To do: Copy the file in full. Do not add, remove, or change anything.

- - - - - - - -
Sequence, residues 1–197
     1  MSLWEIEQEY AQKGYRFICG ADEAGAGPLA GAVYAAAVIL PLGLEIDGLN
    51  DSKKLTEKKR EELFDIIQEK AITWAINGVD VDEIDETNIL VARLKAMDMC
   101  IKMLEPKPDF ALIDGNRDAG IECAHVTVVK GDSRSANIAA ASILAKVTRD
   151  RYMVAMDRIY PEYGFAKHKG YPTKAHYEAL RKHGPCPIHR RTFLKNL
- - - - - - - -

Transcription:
Sequence, residues 1–197
     1  MSLWEIEQEY AQKGYRFICG ADEAGAGPLA GAVYAAAVIL PLGLEIDGLN
    51  DSKKLTEKKR EELFDIIQEK AITWAINGVD VDEIDETNIL VARLKAMDMC
   101  IKMLEPKPDF ALIDGNRDAG IECAHVTVVK GDSRSANIAA ASILAKVTRD
   151  RYMVAMDRIY PEYGFAKHKG YPTKAHYEAL RKHGPCPIHR RTFLKNL